Nothing but the same old exploitative market orientation, even if the original intent of the knowledge creators and custodians of yoga was far from creating knowledge resource for the production of private property. As a person of color or as someone who cannot afford fancy yoga lessons, the best thing you can do is to remember that yoga belongs to the knowledge ‘commons.’ No one owns it. The Government of India has created a public database for yoga and other allied areas of science such as Ayurveda to return these knowledge resources to the public domain so we all can use it.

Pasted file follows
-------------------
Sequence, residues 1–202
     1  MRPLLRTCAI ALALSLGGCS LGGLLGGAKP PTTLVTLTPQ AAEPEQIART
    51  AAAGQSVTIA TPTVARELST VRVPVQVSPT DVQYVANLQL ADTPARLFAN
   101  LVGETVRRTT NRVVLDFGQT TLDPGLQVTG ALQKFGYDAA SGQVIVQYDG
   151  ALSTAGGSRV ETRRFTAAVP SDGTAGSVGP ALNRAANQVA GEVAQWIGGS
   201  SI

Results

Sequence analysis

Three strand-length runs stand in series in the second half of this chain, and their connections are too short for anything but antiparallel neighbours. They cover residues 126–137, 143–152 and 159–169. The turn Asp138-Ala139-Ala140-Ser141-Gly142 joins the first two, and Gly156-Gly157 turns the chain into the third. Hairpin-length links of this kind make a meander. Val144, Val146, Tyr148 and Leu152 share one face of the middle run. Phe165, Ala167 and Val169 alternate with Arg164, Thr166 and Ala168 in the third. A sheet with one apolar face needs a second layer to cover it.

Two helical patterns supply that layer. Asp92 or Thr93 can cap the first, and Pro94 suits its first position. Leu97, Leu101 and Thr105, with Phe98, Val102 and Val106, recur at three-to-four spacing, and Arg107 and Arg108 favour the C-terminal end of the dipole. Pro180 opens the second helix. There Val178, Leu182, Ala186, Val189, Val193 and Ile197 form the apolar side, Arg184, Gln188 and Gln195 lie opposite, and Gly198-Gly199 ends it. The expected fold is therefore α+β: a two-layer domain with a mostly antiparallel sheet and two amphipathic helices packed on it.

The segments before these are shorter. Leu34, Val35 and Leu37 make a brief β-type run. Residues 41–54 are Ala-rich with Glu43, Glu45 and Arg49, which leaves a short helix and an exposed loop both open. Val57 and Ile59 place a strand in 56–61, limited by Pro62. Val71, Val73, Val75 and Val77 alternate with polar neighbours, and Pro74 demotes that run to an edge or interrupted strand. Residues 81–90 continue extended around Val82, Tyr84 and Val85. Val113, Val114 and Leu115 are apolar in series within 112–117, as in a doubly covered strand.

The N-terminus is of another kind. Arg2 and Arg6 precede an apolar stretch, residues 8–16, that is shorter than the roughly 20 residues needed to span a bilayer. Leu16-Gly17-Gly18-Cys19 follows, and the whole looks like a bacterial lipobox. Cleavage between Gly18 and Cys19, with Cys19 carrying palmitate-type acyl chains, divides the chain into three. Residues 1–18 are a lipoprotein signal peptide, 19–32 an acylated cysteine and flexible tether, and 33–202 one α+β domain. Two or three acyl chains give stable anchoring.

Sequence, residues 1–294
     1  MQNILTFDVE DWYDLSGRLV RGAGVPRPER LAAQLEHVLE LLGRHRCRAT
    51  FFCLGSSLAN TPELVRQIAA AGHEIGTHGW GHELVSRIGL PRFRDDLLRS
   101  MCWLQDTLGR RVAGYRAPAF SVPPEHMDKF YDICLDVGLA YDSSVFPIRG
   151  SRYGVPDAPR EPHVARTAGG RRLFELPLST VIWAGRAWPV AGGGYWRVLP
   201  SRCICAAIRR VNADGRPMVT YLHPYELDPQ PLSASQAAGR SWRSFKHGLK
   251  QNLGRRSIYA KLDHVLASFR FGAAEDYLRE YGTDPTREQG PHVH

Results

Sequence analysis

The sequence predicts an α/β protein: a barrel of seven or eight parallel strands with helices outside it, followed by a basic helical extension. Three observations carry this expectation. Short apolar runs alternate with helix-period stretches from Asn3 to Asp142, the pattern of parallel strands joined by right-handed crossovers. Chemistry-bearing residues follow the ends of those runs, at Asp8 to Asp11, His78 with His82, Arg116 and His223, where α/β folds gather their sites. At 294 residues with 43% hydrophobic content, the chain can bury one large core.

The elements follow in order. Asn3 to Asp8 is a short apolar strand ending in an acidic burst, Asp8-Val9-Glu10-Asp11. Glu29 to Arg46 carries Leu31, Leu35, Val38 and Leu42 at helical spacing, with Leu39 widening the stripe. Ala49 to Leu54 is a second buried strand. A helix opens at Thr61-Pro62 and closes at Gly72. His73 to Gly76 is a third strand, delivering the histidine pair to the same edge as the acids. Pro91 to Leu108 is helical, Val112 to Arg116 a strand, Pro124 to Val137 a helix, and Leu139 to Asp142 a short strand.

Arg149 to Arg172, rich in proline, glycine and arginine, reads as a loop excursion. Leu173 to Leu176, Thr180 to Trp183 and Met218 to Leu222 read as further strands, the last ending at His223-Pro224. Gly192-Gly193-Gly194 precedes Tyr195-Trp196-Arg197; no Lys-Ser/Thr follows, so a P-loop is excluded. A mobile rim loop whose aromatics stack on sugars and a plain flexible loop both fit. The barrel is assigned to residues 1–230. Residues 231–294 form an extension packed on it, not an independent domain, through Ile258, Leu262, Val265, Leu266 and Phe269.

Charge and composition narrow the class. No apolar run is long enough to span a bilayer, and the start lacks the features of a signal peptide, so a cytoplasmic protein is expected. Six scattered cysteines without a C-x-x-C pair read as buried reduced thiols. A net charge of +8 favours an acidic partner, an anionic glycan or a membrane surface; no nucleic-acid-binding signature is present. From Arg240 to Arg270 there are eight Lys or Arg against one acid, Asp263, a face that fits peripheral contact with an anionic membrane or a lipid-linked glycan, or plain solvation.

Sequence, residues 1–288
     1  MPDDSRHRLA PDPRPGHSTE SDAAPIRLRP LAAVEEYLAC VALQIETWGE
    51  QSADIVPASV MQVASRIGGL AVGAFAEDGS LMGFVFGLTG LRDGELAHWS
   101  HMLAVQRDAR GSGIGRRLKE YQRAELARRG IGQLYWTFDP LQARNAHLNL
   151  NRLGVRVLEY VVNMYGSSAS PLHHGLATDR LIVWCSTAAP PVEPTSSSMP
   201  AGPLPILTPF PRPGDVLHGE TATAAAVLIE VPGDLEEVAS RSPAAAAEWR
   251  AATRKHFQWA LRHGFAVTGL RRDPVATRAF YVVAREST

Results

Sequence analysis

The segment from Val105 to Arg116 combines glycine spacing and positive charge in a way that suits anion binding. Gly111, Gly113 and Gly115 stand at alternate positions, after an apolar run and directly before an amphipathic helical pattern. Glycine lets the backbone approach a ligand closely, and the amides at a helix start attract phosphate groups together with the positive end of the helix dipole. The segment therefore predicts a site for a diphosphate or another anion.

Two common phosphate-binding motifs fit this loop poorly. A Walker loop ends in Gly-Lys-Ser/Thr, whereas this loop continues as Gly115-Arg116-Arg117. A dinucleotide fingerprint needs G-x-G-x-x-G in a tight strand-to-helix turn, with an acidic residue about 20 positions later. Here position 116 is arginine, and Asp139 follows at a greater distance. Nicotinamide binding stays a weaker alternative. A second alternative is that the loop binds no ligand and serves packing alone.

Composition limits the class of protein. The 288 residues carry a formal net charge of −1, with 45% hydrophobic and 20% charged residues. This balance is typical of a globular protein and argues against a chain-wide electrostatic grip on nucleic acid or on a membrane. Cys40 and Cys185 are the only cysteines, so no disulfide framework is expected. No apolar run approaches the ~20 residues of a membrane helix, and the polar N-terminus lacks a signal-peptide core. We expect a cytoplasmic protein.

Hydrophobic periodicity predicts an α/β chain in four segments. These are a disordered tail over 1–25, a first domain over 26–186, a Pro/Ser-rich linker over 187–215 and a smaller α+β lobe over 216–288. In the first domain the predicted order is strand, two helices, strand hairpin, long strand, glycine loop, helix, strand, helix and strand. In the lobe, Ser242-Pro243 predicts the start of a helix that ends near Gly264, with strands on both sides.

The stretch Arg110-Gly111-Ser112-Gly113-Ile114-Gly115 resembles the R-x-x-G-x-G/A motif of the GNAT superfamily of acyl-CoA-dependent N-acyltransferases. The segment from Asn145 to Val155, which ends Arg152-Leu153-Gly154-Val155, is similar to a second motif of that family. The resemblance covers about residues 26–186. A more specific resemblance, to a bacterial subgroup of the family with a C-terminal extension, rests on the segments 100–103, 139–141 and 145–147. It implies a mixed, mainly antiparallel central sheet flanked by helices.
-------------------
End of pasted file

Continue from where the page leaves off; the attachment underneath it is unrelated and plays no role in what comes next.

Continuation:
If you cannot afford a studio lesson, there are a number of high quality videos posted by yogis who understand the benevolent nature of yoga that you can use for free or a really small donation. These yogis, regardless of their color and size are sites of micro-resistance against the yoga industry. You don’t need fancy yoga clothes or yoga mats. And you don’t need to be bendy-skinny to do yoga. If you know yogis in your community, get them to offer lessons on a sliding scale or donation options. Engage in group practice. Get your church of community center to give you free space so you can keep the costs down. Or ask your local public library to set up a community room with a computer and projector so you can view the yoga and work out with your friends and family. Get the older people in your community to practice it. Resist the commercialization of yoga by the greedy, exploitative wellness industry. Yoga belongs to you and me and everyone. Take it and feel well. That is exactly the purpose of yoga.